They sought it with thimbles, they sought it with care; They pursued it with forks and hope; They threatened its life with a railway-share; They charmed it with smiles and soap.

Lewis Carroll's magnificent nonsense poem The Hunting of the Snark features an unlikely cast of characters drawn from the Jabberwocky in Through the Looking Glass.

This re-telling of a crew of men searching high and low for the elusive Snark is not only given a fresh look from Chris Riddell’s intricate and beautiful colour artwork, but as any eagle-eyed reader will soon discover , there is a particular twist for one of the characters in the story.

Chris has previously commented that John Tenniel, the original black and white illustrator of both Alice in Wonderland stories, inspired him to become a political cartoonist and children’s illustrator, and his drawings for The Hunting of the Snark pay homage to Tenniel’s beautiful artwork. Melric and the

The Hunting of the Snark is available in a sumptuous gift edition that is perfect for fans of Lewis Carroll and Chris Riddell of all ages and continues the Macmillan celebrations of Lewis Carroll’s extraordinary Alice in Wonderland world.  


“This book is nonsense and, like all the best nonsense, it makes a special kind of sense.” Chris Riddell

About The Author

Lewis Carroll was born Charles Lutwidge Dodgson on January 27, 1832, the eldest son and third of eleven children born to Frances Jane Lutwidge and the Reverend Charles Dodgson. Carroll had a happy childhood. His mother was patient and gentle, and his father, despite his religious duties, tutored all his children and raised them to be good people. Carroll frequently made up games and wrote stories and poems, some of which were similar to his later published works, for his seven sisters and three brothers.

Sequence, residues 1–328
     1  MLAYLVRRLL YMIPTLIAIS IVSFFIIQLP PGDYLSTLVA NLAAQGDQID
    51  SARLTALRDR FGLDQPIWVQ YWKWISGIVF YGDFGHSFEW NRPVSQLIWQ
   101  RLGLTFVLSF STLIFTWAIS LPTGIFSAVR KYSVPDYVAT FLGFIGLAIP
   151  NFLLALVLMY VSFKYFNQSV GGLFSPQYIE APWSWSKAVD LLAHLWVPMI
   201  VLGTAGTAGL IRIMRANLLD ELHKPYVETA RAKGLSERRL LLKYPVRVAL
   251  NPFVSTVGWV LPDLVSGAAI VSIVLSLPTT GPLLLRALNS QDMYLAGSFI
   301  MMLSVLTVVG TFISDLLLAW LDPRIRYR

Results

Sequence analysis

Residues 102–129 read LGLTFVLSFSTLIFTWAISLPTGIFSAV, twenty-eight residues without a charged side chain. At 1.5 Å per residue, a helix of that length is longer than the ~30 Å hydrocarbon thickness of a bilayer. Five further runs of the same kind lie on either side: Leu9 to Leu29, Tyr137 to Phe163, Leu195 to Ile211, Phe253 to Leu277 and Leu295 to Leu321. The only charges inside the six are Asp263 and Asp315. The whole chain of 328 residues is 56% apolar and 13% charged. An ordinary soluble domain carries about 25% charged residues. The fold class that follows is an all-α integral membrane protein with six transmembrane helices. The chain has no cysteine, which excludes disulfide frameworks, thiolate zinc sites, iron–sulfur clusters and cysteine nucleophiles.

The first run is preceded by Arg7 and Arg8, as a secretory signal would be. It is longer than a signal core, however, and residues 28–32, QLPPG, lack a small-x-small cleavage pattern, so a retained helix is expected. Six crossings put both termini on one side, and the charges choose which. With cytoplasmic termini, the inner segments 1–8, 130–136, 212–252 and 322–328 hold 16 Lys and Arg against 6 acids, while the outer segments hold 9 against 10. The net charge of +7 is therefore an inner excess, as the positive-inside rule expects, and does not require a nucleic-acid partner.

He was educated at Richmond School in Yorkshire, Rugby School and Christ Church, Oxford. Although his years at Rugby School (1846–49) were unhappy, he was recognized as a good student, and in 1850 he was admitted to further study at Christ Church, Oxford.

He graduated in 1854, and in 1855 he became mathematical lecturer at the college, where he was a somewhat eccentric and withdrawn character. This permanent appointment, which not only recognized his academic skills but also paid him a decent sum, required Carroll to take holy orders in the Anglican Church and to remain unmarried. He agreed to these requirements and was made a deacon in 1861.